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Luke 16:1–13

18 September 2022

Exploring the Scripture

Today’s text contains one of two parables in Luke 16 that begin with, “There was a rich man.” The chapter is devoted to Jesus’ teachings about possessions, a theme often found in Luke. This parable was addressed to the Pharisees who were referred to later in the chapter as “lovers of money.” Jesus implied they regarded prosperity as God’s reward for righteousness (Deuteronomy 27—28). It was also addressed to the disciples who could learn from the actions of the dishonest steward.

In this parable, the master discovers the wastefulness of the manager who was in charge of some of his holdings. He asks him to account for his actions. When the manager sees he will be punished for his actions, he shrewdly develops a plan to reduce the debts of those who owe the master money. He does this to win their favor should he be released from his duties by the manager. The manager buys goodwill for the future.

This raises some interesting scenarios. Was he cheating the master by reducing the debts owed to him? Was he simply reducing the debt by the interest, which was forbidden in Deuteronomy 23:19–20? Or was he reducing the debt in the amount of the commission he would have earned? This speculation could lead to various interpretations of the parable. Whatever the reason, the master on hearing of the manager’s resourcefulness, praises him.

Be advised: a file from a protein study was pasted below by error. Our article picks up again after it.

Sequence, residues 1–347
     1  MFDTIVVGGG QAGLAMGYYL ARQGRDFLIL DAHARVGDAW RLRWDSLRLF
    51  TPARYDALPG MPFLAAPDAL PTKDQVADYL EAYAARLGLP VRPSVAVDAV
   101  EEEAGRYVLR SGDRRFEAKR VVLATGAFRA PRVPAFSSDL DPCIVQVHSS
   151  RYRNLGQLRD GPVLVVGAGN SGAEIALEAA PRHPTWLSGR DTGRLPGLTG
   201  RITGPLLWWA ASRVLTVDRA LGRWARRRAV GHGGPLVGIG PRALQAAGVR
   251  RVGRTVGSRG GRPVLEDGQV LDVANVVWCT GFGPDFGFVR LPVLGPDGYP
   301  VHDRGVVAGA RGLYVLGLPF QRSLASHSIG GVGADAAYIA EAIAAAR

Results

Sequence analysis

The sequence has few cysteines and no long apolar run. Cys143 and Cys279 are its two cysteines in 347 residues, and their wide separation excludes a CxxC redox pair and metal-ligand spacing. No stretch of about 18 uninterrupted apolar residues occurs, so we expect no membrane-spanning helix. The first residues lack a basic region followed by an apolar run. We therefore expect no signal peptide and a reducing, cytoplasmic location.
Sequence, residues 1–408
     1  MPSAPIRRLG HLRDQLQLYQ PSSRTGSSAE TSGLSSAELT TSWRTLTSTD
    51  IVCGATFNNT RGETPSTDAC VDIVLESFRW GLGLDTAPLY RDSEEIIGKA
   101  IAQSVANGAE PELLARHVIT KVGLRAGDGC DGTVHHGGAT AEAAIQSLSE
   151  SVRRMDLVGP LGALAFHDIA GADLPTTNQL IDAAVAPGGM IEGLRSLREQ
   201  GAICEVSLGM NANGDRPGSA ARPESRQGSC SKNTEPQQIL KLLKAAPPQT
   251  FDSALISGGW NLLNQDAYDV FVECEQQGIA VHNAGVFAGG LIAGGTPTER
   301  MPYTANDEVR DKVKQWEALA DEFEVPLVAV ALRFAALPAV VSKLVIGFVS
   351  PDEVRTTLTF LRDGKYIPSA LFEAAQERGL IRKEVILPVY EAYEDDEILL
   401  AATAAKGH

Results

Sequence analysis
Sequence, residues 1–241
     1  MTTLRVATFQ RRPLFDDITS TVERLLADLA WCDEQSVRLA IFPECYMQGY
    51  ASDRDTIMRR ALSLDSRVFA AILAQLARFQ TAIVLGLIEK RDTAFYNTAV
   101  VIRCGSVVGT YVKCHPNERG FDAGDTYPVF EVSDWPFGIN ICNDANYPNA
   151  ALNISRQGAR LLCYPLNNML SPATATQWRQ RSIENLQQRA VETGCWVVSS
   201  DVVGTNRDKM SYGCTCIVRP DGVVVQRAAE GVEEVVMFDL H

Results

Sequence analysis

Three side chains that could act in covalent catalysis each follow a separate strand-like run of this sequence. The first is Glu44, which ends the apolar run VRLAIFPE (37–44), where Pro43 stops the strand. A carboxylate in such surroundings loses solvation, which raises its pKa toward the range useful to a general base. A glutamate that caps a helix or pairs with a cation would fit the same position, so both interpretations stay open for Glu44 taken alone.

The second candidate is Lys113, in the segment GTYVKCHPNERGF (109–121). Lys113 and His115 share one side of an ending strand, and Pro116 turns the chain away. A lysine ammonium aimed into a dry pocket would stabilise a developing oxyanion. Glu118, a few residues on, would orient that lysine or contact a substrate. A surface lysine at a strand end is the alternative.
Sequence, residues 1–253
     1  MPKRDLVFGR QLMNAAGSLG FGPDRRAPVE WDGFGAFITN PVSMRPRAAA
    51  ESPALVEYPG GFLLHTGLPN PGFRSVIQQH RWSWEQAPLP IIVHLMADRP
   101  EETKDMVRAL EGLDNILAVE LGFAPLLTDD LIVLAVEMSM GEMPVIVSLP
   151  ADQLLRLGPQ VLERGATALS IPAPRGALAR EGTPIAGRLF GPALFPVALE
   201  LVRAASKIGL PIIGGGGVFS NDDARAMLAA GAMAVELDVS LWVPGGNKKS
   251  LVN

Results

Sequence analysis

Jesus urges his hearers to cast caution aside, seize the moment of opportunity, and provide for the future with God. Being faithful over what God has entrusted to us is more important than all earthly wealth.

Central Ideas

  1. It requires resourcefulness to manage what God has entrusted to us.
  2. God’s grace is available to all who respond to the call to life as a The master in the parable was graceful and forgiving.
  3. Disciples of Jesus Christ are to be faithful in mission whether they deal with small or vast resources.

Questions to Consider

  1. What are your impressions of the actions of the manager and of the master?
  2. Why is it important to be shrewd in managing the resources placed in our trust?
  3. This text might be uncharacteristic of your impressions of a loving and generous God. How do you make sense of that in terms of the message to the wealthy?
  4. What do the wealthy and those with less have to teach each other? How might this happen in congregational life?

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